How to Boil a Chicken

Chicken is a very versatile type of meat that is not only particularly healthy but makes a great addition to many kinds of plates. While some may be slightly intimidated at the thought and processing of boiling a whole chicken, the steps themselves are relatively problem free as long as a few precautions are taken.

The process of boiling a chicken itself also leaves you plenty of time to prepare other portions of the meal such as a salad, vegetables or potatoes. The result always ends up in soft, easy to tear chicken that can be used in multiple applications such as sandwiches, stews or salads.

Purchasing a Proper Chicken

In any meal preparation process, it’s important to select quality ingredients in order to get the best out of your meal. Markets and grocery stores keep a variety of chickens well stocked for their customers. Broiler-fryers are some of the most common. These are 1-3 pound young chickens that derive their name from their popular use in broiling, frying and roasting. Broiler-fryers are also sold in cut up variations, which are good choices for boiling. Stewing hens are another larger variety at 4-7 lbs. These hens are most appropriate for those who really want well tenderized meat that is also great for soups and stews.

Regardless of what type of chicken you purchase, make sure that the package has a Grade A rating from the U.S.D.A and inspect both the package and the chicken. Holes and compromises on the package result in quicker spoilage and it’s best to avoid chickens that appear to have a very grey skin color. Keep in mind that a typical broiler-fryer will be good for about 3-5 servings.

Thawing out the Chicken

Chickens are usually kept frozen in order to preserve the meat. This allows you to use the chicken later on without having to strictly adhere to the expiration date. The first appropriate step is to properly thaw the chicken. The most common methods of thawing are by placing the chicken in the refrigerator or in a bowl of cold water. You will find that others may also place the chicken on a platter and into a water filled sink.  If using the bowl of water method, make sure to place the chicken in a plastic bag first.

If room temperature is a problem, you will have to refill the bowl with cold water in order to properly thaw the chicken. Depending on the size of the chicken, expect a 2-4 hour waiting period before the chicken is ready to be boiled.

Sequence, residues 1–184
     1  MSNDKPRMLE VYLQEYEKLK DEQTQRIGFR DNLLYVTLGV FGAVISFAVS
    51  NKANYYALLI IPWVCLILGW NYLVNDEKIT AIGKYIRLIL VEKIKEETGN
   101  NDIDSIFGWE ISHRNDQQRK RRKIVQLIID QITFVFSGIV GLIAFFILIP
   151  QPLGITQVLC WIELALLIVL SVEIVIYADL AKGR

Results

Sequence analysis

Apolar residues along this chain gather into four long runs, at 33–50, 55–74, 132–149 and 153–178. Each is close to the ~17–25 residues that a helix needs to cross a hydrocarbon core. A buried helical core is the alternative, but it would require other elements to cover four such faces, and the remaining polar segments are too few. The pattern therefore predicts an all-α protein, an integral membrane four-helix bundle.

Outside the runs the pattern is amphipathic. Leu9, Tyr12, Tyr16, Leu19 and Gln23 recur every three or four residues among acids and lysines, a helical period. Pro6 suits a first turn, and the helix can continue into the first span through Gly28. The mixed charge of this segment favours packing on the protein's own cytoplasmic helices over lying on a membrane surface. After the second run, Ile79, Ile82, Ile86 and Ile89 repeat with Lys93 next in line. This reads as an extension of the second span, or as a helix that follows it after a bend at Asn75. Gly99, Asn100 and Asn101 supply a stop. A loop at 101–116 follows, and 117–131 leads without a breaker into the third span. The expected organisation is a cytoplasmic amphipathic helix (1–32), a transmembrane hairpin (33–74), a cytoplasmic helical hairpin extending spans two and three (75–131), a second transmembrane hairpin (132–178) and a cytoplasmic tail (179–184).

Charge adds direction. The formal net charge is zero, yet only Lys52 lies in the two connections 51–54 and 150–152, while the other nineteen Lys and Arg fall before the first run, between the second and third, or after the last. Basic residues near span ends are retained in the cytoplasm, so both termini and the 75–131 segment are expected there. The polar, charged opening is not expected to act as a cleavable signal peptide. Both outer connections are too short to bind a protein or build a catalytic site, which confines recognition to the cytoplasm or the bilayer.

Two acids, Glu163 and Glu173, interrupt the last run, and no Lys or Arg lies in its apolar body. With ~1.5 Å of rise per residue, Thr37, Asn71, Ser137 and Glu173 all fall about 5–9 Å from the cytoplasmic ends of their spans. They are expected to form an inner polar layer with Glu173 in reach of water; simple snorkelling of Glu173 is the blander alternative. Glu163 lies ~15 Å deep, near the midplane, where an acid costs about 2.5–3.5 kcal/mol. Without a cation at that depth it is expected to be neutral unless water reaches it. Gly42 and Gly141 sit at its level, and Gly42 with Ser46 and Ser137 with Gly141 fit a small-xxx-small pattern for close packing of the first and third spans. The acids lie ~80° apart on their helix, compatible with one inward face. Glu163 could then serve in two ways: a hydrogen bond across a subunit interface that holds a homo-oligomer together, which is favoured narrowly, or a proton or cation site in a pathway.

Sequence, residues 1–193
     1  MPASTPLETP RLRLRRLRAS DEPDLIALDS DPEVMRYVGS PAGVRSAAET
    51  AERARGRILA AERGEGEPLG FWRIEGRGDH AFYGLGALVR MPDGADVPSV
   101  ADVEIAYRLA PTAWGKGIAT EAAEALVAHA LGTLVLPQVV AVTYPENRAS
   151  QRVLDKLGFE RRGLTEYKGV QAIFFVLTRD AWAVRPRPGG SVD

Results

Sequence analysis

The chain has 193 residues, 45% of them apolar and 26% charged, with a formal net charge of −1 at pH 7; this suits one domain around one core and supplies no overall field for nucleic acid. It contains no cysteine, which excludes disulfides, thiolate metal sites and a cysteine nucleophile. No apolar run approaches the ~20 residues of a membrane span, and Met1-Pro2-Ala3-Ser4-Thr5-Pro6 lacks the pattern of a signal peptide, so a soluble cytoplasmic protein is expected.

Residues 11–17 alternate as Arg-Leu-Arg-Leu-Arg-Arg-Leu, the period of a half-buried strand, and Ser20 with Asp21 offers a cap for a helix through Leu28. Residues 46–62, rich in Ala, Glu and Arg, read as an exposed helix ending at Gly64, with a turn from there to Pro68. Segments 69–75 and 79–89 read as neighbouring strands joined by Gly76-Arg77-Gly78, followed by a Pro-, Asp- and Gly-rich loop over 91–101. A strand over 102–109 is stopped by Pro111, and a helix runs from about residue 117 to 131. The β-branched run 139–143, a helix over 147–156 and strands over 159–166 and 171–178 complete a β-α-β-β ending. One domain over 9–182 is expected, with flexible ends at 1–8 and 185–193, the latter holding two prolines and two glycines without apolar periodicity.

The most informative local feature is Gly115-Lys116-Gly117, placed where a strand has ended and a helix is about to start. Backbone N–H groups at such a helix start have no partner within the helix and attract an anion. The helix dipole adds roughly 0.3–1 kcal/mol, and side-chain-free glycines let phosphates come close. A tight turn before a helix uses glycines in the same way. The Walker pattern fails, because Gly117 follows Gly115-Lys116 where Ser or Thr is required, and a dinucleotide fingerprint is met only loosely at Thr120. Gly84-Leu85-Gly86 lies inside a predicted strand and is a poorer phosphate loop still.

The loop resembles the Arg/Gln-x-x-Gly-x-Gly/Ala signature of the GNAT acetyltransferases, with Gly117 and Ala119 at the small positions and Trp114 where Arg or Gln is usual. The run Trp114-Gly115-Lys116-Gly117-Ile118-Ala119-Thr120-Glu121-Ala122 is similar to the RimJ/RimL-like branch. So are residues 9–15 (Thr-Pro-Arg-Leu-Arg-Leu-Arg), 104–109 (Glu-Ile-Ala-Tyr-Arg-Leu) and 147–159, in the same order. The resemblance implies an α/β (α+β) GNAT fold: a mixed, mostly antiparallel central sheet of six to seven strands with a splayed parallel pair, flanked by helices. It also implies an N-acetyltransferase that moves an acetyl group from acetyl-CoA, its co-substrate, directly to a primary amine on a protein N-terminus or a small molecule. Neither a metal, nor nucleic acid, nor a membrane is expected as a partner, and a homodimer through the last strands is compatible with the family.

Necessary Equipment

How to Boil Chicken

How to Boil Chicken

Before a chicken gets thrown in to boil, it’s important to be mindful about a few things. First, you’ll need the proper equipment to get the chicken to boil appropriately. Luckily, it doesn’t take much to get a well boiled chicken. You’ll need a large pot or crock pot, a meat thermometer and a stove – naturally.

Check that you have the other ingredients for your meal. It’s common to add onions, carrots, celery and potatoes to the pot with the chicken. Flavor additives such as salt, peppercorn and olive oil should also be considered.

Boiling Chicken

Once everything is ready to go, it’s simply a matter of properly boiling the chicken until its tender and flavorful. Boiling chicken starts with placing cold water into the pot that you will be using. The chicken should then be placed into the pot. Other aforementioned ingredients can also be added. Setting the stove to mid-high and covering the top of the pot with a lid will get the boiling process started.

It’s important to watch for the water to start boiling. Once you hear and see water bubbles growing in the pot, adjust the heat until its at a low or simmer setting. The goal is to get the water at boiling or near boiling without subjecting the chicken and other foods to excessive heat. This will get the chicken nice and tender.

Boiling Time length

The boiling time length will vary depending on the size of your chicken. The general rule is that a chicken will take between 40 – 60 minutes to boil. Usually, this gives people plenty of time to prepare other parts of their meal. If you’re not going to place vegetables or potatoes into the pot to boil with the chicken, now is a good time to work on the rest of the recipe if necessary.

Finished Product

While it may take 40-60 minutes for the chicken to boil, it’s never good to simply run the risk and gauge it by time alone. Using a meat thermometer takes a lot of the guessing out of the equation.

With the thermometer placed into the chicken, wait for the thermometer to stabilize its reading. Once the chicken is between 160 – 180 degrees Fahrenheit, you can turn the stove heat completely off. Double check that the chicken is complete by making a deep cut and inspecting for any pink colored meat. If it is pink, it still requires more boiling. Once there is no visible pink meat on the chicken, feel free to remove the contents of the pot and prepare the chicken to be served.

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